News

Survivors of sexual violence urged to share their views to improve support for others

Merseyside / February 22

Survivors of sexual violence are being encouraged to share their views of the support they received in order to help improve the experiences of others as part of an inquiry which aims to enhance services across Merseyside.

The Sexual Violence review has been commissioned by the Deputy Police Commissioner, Cllr Emily Spurrell, in partnership with NHS England to examine the extent and nature of sexual violence in the region, map the services which are available to support those who have been subjected to such crimes and ensure they are easy to access.

The review which is being carried out by Liverpool John Moores University’s (LJMU) Public Health Institute, is reaching out to survivors to hear about their journey following an incident, including how they were treated within the criminal justice system and the extent to which the support they were offered met their needs.

Anyone with personal experience of sexual misconduct, such as harassment, sexual exploitation and all forms of sexual violence are asked to TAKE PART HERE

The survey is completely anonymous and confidential and will be open until mid-April.

The inquiry, which was launched in November last year to mark International Day for the Elimination of Violence against Women, will include the views of partners from the region’s local authorities, voluntary and third sector agencies, practitioners and experts. It will also draw on a range of reports and qualitative data produced by Merseyside Police and partners, including charities RASA and RASASC, who deliver the Police Commissioner’s dedicated aftercare support service for survivors of rape and sexual assault as part of Victim Care Merseyside.

Emily said: “This survey is a crucial part of our inquiry and I would urge anyone, both men and women, who have experienced any form of sexual violence who feels strong enough to take part to please share their views and experiences with us.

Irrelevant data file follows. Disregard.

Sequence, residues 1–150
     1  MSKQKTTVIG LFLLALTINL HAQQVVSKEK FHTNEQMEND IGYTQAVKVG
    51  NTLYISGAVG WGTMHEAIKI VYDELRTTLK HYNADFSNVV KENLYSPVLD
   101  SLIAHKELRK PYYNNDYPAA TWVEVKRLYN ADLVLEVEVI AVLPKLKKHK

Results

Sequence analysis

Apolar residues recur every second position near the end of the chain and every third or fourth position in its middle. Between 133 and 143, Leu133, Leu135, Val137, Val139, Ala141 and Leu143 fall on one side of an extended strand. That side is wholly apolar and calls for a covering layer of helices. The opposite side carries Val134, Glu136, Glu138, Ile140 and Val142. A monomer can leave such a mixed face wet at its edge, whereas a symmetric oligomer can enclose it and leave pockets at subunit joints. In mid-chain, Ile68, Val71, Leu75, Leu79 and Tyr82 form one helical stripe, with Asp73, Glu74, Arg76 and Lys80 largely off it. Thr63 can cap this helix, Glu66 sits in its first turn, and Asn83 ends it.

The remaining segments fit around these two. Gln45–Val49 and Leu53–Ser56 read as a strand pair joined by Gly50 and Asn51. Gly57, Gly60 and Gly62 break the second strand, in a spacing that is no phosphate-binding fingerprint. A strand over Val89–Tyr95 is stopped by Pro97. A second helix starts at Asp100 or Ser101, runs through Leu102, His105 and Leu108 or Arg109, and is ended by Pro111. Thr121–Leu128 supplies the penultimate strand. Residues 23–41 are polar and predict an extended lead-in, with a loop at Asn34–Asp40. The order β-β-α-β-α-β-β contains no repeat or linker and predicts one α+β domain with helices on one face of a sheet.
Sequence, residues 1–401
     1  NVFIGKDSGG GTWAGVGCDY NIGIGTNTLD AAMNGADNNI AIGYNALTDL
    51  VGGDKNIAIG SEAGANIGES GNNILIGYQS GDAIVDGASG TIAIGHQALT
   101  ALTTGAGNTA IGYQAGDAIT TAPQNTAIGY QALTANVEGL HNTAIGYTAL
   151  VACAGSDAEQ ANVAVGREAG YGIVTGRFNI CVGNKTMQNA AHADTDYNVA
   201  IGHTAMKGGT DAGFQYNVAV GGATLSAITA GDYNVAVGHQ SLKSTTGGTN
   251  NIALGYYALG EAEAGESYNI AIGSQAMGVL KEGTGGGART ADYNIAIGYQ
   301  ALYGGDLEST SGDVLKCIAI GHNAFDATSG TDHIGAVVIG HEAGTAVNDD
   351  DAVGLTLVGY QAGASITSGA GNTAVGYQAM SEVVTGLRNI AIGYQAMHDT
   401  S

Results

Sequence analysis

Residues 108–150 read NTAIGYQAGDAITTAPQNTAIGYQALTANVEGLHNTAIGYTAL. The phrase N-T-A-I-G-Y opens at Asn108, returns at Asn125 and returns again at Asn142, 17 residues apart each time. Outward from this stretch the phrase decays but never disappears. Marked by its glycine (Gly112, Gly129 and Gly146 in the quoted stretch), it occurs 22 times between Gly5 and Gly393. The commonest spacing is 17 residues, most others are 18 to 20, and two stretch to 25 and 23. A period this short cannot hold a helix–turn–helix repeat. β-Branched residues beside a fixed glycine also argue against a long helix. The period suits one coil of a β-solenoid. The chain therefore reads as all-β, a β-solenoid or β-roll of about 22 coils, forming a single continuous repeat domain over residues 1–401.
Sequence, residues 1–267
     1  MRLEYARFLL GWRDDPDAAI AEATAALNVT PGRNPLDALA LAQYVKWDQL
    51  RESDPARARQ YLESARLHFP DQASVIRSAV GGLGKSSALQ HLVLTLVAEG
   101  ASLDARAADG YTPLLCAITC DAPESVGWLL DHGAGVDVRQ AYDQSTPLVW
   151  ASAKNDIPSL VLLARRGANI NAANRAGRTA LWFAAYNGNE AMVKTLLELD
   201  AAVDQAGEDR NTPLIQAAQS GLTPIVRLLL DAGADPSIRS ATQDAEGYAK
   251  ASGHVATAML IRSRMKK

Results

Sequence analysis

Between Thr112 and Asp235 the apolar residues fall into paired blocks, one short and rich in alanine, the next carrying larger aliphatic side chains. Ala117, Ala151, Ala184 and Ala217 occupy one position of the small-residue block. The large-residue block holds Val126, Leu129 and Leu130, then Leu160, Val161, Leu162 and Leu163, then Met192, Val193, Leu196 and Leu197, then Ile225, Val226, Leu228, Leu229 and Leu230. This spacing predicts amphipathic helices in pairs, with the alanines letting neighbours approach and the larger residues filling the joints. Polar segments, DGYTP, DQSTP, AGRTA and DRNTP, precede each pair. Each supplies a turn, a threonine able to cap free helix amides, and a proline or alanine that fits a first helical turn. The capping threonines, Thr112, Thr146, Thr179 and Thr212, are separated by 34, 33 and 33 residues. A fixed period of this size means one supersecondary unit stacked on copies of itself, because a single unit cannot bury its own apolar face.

“We want to hear about your journey, whether you reported it to the police or not, and the path you took to accessing support to see how that process is working and whether it is working effectively. We know there is room for improvement. At the moment, far too many people do not get the support they need and deserve.

“Sadly, sexual violence remains far too prevalent in our society. Through this review we hope to better understand the nature and extent of sexual violence in our region and establish a baseline from which we can monitor and assess the work we do in future years. It has the potential to help make a real difference in the lives of victims and survivors and I hope many people will take part in this survey. By doing so, you will be playing your part in helping to improve the experience of other victims of sexual violence in the future.”

The inquiry is part of the Deputy Commissioner’s work to produce a region-wide Violence against Women and Girls strategy alongside the Metro Mayor Steve Rotheram and a host of partners and will have a significant impact on the funding of sexual crime support services in the future.

The research is expected to be concluded by April 2019.

LJMU’s Public Health Institute (PHI) specialises in applied research and educational programmes addressing health issues at all levels from policy development to service delivery.  Ellie McCoy, Researcher at PHI explains “We are committed to ensuring that our research makes a difference. Working together with the Police Commissioner for Merseyside and wider partners on this project will ensure that our research improves the outcomes for victims of sexual violence in the future”.

LJMU were selected as the research organisation following a competitive tendering process and assessment panel.

TAKE PART HERE